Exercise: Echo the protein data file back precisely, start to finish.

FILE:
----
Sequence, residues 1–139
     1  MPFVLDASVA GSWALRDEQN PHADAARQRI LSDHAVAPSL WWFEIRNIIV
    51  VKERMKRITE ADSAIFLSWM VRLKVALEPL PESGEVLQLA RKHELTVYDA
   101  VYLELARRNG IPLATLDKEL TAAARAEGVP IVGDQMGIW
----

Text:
Sequence, residues 1–139
     1  MPFVLDASVA GSWALRDEQN PHADAARQRI LSDHAVAPSL WWFEIRNIIV
    51  VKERMKRITE ADSAIFLSWM VRLKVALEPL PESGEVLQLA RKHELTVYDA
   101  VYLELARRNG IPLATLDKEL TAAARAEGVP IVGDQMGIW